Two, it's a Cocktail as made at the Sazerac House. When Thomas was in New Orleans, in the mid-1850s, the Sazerac House was anything but an institution--it was simply one of the many bars there, and by no means the most famous one (that one was probably the one at the St. Charles Hotel, and you'll not that there is a St. Charles Punch in his book).

The Sazerac Cocktail didn't become a phenomenon or institution until 1900 or thereabouts, a good fifteen years after Thomas' death, at which point everybody outside of New Orleans had switched to Manhattans, Martinis and Bronxes, and a whiskey Cocktail with a dash of absinthe was something of a novelty.

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A comment and a question with respect to this thread.

First, the comment: what a wonderful source of historical insight and context this forum is! I am a bourbon and rye junkie, and I read several forums regularly related to those two beverages, but this is the most history and information I've ever found about Thomas Handy, the Sazerac cocktail, etc.

For what it's worth, while I like a Sazerac made with straight rye (and I like younger whiskey for this cocktail: Van Winkle and the Saz 18 are almost too refined for the drink IMHO), my preferred version is the one discussed upthread: cognac and rye split 50/50. Marvelous complexity and some enhancement of the fruity character in the drink.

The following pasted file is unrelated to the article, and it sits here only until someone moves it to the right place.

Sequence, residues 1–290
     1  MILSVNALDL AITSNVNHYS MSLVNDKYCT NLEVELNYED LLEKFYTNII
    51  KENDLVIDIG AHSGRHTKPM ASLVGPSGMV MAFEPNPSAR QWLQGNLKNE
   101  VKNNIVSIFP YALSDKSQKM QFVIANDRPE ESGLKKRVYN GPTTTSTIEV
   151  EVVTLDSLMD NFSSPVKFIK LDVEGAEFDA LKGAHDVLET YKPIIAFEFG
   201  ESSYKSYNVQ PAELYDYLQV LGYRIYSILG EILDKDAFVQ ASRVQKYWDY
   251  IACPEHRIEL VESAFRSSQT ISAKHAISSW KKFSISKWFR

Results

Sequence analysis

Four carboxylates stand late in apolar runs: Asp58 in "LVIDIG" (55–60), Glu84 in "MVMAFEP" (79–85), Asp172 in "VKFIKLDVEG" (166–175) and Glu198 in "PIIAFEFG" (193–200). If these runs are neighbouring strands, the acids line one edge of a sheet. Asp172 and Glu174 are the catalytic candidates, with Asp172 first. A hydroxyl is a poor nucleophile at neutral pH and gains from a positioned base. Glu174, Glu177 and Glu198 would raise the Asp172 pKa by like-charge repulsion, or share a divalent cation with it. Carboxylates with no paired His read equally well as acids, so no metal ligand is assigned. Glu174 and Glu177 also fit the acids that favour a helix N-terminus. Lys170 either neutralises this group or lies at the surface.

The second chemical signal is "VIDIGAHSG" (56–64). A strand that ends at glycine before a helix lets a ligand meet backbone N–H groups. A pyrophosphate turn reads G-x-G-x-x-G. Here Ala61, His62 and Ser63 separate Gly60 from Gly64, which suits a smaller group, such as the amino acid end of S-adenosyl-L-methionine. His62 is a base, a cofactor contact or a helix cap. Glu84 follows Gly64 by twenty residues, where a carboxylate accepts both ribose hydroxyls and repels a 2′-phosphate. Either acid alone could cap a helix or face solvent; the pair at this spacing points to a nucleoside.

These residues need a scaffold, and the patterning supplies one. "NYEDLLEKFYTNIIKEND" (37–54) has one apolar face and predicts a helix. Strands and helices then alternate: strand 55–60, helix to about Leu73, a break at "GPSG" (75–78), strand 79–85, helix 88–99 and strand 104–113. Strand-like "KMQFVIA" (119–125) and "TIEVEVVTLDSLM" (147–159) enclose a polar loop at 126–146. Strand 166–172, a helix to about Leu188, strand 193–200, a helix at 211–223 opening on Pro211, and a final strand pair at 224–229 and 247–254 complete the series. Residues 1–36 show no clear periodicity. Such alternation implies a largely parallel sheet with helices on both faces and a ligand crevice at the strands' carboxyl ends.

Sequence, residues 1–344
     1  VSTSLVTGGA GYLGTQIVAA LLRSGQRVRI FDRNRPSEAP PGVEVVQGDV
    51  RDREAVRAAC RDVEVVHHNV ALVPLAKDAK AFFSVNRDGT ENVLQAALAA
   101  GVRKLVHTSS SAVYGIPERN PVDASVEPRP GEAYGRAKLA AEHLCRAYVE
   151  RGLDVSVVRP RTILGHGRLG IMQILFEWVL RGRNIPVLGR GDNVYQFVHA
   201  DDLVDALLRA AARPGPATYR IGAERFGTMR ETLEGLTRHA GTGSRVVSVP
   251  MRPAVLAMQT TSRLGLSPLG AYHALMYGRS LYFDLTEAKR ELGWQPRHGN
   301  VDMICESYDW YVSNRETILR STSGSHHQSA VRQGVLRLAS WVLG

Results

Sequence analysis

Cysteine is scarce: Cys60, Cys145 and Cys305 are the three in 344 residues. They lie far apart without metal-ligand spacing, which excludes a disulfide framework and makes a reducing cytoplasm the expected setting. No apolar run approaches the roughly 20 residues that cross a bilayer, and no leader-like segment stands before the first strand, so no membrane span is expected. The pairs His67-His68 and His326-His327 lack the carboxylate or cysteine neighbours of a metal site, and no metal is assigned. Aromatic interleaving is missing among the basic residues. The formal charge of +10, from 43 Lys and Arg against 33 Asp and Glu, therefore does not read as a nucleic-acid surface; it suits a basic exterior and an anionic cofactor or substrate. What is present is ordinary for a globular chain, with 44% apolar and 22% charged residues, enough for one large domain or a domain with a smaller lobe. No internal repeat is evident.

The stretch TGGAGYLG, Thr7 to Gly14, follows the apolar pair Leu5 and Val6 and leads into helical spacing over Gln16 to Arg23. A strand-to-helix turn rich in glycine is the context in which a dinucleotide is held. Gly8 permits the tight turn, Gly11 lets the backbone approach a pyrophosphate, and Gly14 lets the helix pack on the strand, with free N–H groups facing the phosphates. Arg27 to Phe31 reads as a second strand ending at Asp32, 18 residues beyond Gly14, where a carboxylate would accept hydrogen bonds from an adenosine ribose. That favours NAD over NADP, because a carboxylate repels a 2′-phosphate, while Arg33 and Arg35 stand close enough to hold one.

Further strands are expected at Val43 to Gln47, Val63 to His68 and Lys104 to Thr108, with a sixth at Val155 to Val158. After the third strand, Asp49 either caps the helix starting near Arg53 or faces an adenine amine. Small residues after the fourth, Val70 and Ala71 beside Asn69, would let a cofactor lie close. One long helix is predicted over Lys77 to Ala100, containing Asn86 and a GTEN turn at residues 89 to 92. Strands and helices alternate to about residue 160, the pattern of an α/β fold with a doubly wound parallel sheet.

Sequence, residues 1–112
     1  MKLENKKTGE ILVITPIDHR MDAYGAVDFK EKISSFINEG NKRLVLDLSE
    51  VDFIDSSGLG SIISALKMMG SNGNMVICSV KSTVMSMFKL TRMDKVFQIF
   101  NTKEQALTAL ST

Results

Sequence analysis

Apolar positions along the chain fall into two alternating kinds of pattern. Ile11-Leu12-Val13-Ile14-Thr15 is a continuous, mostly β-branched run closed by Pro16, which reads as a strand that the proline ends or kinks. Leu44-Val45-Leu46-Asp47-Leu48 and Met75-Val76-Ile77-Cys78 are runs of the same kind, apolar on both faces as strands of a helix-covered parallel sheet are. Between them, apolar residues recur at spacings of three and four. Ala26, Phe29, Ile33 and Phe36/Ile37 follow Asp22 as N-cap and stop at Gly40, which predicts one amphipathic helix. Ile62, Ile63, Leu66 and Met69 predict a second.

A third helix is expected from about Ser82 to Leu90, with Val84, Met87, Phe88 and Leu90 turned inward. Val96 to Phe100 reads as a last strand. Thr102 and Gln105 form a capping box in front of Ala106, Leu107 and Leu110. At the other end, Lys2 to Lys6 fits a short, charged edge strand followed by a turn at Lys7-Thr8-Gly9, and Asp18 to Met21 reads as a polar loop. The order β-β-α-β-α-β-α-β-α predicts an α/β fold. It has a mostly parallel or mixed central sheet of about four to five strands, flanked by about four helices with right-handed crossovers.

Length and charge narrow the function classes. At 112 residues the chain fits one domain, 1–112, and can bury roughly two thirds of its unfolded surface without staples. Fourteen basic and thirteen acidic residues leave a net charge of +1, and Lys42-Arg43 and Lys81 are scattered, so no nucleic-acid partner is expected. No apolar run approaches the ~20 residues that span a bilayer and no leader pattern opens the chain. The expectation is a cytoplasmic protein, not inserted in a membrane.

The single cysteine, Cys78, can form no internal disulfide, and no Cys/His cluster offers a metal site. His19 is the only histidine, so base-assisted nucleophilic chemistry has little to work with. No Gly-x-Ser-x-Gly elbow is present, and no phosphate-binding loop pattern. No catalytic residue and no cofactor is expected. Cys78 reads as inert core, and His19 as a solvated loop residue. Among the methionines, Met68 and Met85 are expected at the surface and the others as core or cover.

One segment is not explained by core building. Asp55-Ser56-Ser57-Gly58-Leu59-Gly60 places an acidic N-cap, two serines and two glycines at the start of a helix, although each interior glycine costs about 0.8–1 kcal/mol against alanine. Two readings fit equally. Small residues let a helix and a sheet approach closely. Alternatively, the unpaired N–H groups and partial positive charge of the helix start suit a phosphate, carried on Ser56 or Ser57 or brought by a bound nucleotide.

Now, the question: is there anyone who lives in a state where individuals cannot import spirits who has had success ordering from Jade Edouard? In other words, you live where you can't buy whiskey online from, say, California, but you've been able to buy absinthe from overseas? PM or respond in this thread if you have any input.

Thanks.

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Jade will courier anywhere in the U.S. if the bottles get seized at customs (which can happen)...they'll replace them.

my understanding is:

importation from Jade isn't legal. but it's not a criminal offense. so Customs can impound their products if they examine them...which happens rarely. and Jade's exportation is legal under French law.

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Good information, Nathan.

Just what I wanted to know (and what my checkbook feared).

Thanks.


Edited by TBoner (log)

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Ordering spirits and wine from out of state is legal in Texas at any rate though, just a heads-up. I had no problem getting three bottles of absinthe and one of creme de violette from Liqueurs de France.

-Andy